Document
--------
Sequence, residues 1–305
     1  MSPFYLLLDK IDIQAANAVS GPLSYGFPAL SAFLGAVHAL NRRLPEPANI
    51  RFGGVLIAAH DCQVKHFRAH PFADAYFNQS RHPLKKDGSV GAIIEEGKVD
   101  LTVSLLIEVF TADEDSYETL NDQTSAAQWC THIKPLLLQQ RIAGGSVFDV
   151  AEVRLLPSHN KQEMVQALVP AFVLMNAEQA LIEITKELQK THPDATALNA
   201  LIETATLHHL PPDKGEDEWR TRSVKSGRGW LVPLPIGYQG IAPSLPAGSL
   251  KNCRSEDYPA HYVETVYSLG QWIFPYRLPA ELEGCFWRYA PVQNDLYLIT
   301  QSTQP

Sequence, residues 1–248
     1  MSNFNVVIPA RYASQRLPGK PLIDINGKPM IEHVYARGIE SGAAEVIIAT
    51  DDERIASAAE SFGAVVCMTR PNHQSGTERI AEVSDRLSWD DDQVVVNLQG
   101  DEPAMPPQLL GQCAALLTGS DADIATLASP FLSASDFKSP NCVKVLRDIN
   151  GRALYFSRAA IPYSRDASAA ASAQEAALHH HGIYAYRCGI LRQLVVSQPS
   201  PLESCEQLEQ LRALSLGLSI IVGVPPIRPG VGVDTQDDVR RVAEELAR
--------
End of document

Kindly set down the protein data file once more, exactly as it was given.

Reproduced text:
Sequence, residues 1–305
     1  MSPFYLLLDK IDIQAANAVS GPLSYGFPAL SAFLGAVHAL NRRLPEPANI
    51  RFGGVLIAAH DCQVKHFRAH PFADAYFNQS RHPLKKDGSV GAIIEEGKVD
   101  LTVSLLIEVF TADEDSYETL NDQTSAAQWC THIKPLLLQQ RIAGGSVFDV
   151  AEVRLLPSHN KQEMVQALVP AFVLMNAEQA LIEITKELQK THPDATALNA
   201  LIETATLHHL PPDKGEDEWR TRSVKSGRGW LVPLPIGYQG IAPSLPAGSL
   251  KNCRSEDYPA HYVETVYSLG QWIFPYRLPA ELEGCFWRYA PVQNDLYLIT
   301  QSTQP

Sequence, residues 1–248
     1  MSNFNVVIPA RYASQRLPGK PLIDINGKPM IEHVYARGIE SGAAEVIIAT
    51  DDERIASAAE SFGAVVCMTR PNHQSGTERI AEVSDRLSWD DDQVVVNLQG
   101  DEPAMPPQLL GQCAALLTGS DADIATLASP FLSASDFKSP NCVKVLRDIN
   151  GRALYFSRAA IPYSRDASAA ASAQEAALHH HGIYAYRCGI LRQLVVSQPS
   201  PLESCEQLEQ LRALSLGLSI IVGVPPIRPG VGVDTQDDVR RVAEELAR